Crossbreed cuisine But these dichotomies have always defined Kolkata. Today, it’s the modern, commercial, educational and cultural centre of East India; and yet, tucked close to the border with Bangladesh and spitting distance from Bhutan, Nepal, Tibet and China, the city – population 14.1 million – also swells with poor migrants. Weary men grind at the pedals of bicycles pulling implausible loads – a trailer piled high with gas canisters, an almost literal ton of bricks – weaving laboriously between the luxury cars as they go. That’s →

5 KOLKATA STREET FOODS TO TRY 1 PUCHKA

Puchka, a puffed-up crisp filled with mashed potato and tamarind water, is popular all over India, but the Kolkatan version is beloved for its lightness and less spicy flavour.

2 KATHI ROLL A pancakey paratha envelops kebab meat, fried egg, onions, ketchup, chili, spices and lime – hell on the arteries, but heaven on the tongue.

3 JHAL MURI A crunchy combo of sweetness and spice, all wrapped up in a cone of newspaper so you can munch on the move, jhal muri typically boasts lentils, coconut chunks, peanuts and spicy chutney.

4 PAPRI CHAAT Think open-sandwich-meets-nachos: deep-fried chips are topped with spicy potatoes, onions, coriander, chilli and tamarind chutney.

5 ROSOGOLLA This sweet treat is every Kolkatan’s favourite naughty snack: dumplings of sweet Indian cottage cheese served drowning in sugar syrup.

Photographs by india view/Alamy; imageBROKER/Alamy; David Noton Photography/Alamy; Jake Lyell/Alamy; Daniel J. Rao/Alamy

→ She hovers expectantly. I take what I hope is an appropriately timed pause for meditation on minced lamb, then lop off a morsel and pop it in. This is ridiculous. The meat hasn’t been minced: it’s been pulverised to please the palate of that gnasherless 19thcentury royal. “Melt in the mouth”, the menu says, but it feels like it melted long before it ever touched my tongue, leaving behind some sort of clove, cinnamon and saffronspiced near-liquid silk. But what else to expect when dining in Kolkata? The capital of West Bengal is widely considered the food centre of the entire subcontinent. This is no small claim to fame, considering food is the cornerstone of Indian culture. The country may be as split as the Scotland vote – a seething, teeming bundle of castes, improbable languages (Malayalam?) and religion – but there’s one thing everyone can agree on, and that’s their love of eating Family meals spend days simmering in pans; street hawkers satiate the passing hungry hordes. Each state brings a new favourite plate. I’ve joined rickshaw drivers jiving for jalebi in Agra, dabbled with breakfast dosas in Kerala and crammed in zingy, vinegar-sloshed Goan curries. And in Kolkata, with everything from posh restaurants such as Dum Pukht – where I’m losing myself in that lamb-fuelled reverie, and the chefs are all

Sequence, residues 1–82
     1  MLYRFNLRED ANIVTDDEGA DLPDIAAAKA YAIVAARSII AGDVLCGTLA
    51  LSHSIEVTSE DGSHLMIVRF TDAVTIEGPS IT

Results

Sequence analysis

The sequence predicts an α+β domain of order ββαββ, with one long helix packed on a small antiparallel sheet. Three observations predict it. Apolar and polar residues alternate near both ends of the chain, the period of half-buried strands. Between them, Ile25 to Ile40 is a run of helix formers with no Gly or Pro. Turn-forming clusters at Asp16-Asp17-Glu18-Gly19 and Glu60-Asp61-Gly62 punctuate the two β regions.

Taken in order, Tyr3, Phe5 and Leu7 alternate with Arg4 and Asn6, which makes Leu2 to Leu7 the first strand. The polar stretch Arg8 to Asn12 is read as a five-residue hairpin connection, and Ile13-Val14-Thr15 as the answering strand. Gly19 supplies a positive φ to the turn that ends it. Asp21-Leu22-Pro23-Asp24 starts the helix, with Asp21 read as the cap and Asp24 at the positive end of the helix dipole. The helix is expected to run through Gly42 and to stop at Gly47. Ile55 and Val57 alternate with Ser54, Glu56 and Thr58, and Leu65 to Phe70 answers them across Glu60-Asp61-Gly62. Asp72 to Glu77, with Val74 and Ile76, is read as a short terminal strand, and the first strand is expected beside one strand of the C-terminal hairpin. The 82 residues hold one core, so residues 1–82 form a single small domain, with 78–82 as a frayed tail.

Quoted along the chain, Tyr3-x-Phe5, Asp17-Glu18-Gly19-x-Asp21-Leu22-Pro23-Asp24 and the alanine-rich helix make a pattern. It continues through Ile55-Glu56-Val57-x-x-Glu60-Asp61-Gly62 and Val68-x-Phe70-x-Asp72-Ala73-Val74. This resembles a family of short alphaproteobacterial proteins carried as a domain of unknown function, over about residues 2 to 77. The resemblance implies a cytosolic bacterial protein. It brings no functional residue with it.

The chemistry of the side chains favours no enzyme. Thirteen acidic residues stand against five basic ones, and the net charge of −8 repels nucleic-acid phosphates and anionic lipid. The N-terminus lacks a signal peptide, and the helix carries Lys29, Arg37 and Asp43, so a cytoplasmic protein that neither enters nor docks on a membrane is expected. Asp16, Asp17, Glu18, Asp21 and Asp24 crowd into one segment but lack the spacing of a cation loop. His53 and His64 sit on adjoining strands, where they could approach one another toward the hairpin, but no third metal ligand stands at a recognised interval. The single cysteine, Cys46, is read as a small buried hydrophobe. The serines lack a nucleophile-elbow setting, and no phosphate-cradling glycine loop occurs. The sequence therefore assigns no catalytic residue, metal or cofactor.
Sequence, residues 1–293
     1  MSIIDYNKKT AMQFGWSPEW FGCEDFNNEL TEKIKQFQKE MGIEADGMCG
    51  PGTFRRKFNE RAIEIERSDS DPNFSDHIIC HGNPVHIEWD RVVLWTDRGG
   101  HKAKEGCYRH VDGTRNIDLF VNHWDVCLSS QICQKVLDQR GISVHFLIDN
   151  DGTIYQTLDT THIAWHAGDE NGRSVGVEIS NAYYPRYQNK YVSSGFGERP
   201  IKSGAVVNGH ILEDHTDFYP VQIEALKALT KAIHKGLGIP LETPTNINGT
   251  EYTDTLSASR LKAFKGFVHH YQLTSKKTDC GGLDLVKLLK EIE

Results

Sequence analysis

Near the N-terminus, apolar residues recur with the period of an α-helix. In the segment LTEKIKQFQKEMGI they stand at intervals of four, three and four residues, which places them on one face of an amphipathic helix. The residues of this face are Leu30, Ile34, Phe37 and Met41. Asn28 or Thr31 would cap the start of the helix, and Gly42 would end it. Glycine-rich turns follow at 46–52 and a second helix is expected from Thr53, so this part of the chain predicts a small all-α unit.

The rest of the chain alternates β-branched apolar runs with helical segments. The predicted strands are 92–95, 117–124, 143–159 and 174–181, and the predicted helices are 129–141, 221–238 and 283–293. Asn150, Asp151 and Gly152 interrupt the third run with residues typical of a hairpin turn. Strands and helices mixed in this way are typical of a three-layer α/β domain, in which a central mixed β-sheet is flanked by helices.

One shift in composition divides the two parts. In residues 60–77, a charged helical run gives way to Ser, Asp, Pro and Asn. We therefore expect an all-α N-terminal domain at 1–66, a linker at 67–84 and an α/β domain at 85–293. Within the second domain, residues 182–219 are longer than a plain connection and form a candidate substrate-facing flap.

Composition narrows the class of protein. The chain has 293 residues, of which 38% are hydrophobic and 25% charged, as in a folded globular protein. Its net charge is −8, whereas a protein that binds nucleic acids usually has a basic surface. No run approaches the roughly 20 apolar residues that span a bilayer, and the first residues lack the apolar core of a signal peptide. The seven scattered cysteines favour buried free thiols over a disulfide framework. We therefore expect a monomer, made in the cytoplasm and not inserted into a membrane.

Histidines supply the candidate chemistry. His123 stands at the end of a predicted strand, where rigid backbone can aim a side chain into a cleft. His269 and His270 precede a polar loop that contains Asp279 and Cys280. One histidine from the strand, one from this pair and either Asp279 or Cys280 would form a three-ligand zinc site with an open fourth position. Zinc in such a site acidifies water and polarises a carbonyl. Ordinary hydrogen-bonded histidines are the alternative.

CLOCKWISE FROM ABOVE: Kolkata roll stall; busy pedestrian traffic; roadside stall selling bhel puri; vegetable market stall-holder; Bay of Bengal at night

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ABOVE: Outdoor street stall selling fresh fruit in Kolkata. RIGHT: The 269ft-high Howrah Bridge over the Hooghly River is also known as Rabindra Setu

→ why you’ll find such a lively culinary culture: